Well, I currently have about a half bushel’s worth of apples glubbering away on the stove, ready to be canned and put away in the basement.  The hot water bath canner is coming up to a boil and the jars are sterilizing in the dishwasher.  I adore this time of year.  It is a time of apple cider donuts, crisp air, crunchy leaves underfoot, and hot cider.  I also bought some pumpkins at the orchard yesterday and used them to make homemade puree.  SO COOL!  I’ve already used some of the puree to make a pumpkin jelly roll for my mom’s husband, whose birthday it is tomorrow.  They are in from Alaska and his birthday just happened to fall during their trip so Mr. Cookie and myself are helping them to celebrate.  On the menu:  manicotti; italian sausage, onions, and peppers; salad; roasted nuts; the aforementioned cake (which tastes amazing, btw); hot apple cider; and cinnamon ice cream.  Yum.  I’ll try to update this later with pictures of the apple sauce and I’ve also got a post coming later this week on how to make your own delicious, homemade manicotti.  Yum!

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Racing Myself

It’s been awhile since I posted a running update.  After the half marathon, I felt like you guys could use a break.  Well, break’s over!  I’ve always hated losing.  Card games with my sister would inevitably end in my bottom lip thrust out, arms crossed, and hot tears streaking down my face while I hiccuped “nuffair!”  That translates into “not fair,” for those of you who don’t speak child.

One thing running has helped me with is the realization that I’m not the best, and that’s okay.  So instead, I find myself racing against myself.  It’s not about crossing that finish line first.  It’s about challenging myself to go faster, be less tired afterward, pass just one, maybe two more people at the finish.  I’m happy to say that for the majority of the races I’ve done, I’ve accomplished a personal best.  It’s crazy to see times from two years ago for the same courses.  For example, there’s a local 5K in early October every year.  Here are my times for the last three years:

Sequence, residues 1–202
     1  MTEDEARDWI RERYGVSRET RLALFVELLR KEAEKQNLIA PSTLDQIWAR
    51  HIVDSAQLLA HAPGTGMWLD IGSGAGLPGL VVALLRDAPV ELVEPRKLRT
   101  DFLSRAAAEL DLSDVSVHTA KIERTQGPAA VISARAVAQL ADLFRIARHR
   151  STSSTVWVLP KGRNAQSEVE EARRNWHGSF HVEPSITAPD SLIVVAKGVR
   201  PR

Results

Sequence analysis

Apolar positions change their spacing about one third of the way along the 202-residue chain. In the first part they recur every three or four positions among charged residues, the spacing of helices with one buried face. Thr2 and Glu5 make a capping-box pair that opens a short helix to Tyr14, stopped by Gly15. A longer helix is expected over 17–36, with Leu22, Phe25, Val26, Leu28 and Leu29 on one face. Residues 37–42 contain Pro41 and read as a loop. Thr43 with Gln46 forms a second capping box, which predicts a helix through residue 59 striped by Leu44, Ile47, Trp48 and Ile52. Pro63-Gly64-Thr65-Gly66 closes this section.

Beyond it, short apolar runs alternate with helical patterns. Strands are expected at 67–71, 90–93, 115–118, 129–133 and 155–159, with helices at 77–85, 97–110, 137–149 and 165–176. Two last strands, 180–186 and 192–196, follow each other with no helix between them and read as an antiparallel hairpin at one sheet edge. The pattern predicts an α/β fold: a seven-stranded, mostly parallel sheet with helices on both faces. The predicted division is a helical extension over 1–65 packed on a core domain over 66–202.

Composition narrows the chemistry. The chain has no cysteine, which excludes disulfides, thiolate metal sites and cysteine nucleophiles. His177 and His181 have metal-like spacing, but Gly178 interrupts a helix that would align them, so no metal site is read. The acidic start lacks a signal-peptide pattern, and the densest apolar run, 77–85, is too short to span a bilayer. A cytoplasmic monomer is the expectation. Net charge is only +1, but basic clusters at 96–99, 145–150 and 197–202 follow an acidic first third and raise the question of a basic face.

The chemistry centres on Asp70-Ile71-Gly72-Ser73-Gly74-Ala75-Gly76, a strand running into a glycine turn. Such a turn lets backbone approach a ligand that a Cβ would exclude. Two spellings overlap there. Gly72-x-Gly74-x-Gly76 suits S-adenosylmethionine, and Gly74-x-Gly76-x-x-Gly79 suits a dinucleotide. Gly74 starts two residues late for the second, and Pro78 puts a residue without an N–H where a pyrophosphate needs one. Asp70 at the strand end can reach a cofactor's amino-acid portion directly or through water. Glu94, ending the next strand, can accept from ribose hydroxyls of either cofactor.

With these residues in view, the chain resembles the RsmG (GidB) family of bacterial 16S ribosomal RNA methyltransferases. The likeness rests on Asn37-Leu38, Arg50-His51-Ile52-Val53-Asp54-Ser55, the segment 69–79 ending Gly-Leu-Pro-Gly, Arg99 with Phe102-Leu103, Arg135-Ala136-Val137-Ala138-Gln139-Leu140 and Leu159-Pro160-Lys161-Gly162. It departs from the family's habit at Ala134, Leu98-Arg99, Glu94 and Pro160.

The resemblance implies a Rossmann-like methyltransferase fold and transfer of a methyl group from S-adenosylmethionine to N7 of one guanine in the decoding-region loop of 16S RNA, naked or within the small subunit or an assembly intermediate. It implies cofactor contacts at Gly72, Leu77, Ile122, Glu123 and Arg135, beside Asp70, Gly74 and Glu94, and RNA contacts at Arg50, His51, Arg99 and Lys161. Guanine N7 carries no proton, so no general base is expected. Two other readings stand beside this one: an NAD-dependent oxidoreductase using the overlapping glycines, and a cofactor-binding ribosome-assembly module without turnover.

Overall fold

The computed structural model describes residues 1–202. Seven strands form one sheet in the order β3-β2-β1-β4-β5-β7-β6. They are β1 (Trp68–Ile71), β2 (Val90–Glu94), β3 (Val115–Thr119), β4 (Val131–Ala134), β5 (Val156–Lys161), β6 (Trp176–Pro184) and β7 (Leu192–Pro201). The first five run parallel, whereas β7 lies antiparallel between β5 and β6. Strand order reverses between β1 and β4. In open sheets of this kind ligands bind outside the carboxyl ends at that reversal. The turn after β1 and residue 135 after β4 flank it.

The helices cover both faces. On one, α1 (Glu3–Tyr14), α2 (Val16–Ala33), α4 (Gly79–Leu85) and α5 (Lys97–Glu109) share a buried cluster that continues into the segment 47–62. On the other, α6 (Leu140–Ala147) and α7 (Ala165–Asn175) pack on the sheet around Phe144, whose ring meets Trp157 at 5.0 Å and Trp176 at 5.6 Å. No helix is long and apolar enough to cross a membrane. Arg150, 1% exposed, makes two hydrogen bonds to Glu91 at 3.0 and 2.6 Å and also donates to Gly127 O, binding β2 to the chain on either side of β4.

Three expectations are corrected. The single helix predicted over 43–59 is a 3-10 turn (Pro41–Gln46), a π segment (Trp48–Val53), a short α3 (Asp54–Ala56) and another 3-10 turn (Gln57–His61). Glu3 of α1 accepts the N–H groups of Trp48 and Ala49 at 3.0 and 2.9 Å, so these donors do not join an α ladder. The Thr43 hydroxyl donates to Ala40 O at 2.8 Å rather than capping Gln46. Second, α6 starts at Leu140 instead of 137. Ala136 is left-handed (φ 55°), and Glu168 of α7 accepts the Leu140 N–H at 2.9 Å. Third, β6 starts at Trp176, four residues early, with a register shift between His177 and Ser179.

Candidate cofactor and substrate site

10/4/08  34:52  (11:15mi)

10/3/09  31:13 (10:04mi)

10/2/09  29:09 (9:19 mi)

So, the first time I ever ran it (and actually, that was my first race ever), I finished with a 11:15/mi pace.  I remember my goal for that race was to finish it in under 35 minutes and I was so excited when I came in so far under.  Then last year, I wanted to break a 10 minute mile and when that didn’t happen, I was bummed.  Until I realized how very very close I’d come.  This year, I really wanted to get in under 30 minutes.  I was secretly hoping to come in under a 9:30 pace but decided it was probably a long shot.  My fastest 5K to date was in June, when I had a 9:36 pace and that felt crazy to me then, even with fewer hills.

I would be willing to bet that the fastest runners finished the course in around 15 minutes.  And that’s cool.  They’ve probably dedicated a lot more time to this and no doubt look like this.  I may not be the fastest, but I can sure as heck be faster and stronger.  And that’s pretty cool.

Upcoming races:  Tufts 10K (next Monday), Gobble Gobble Gobble (Thanksgiving morning).  I’m wicked excited.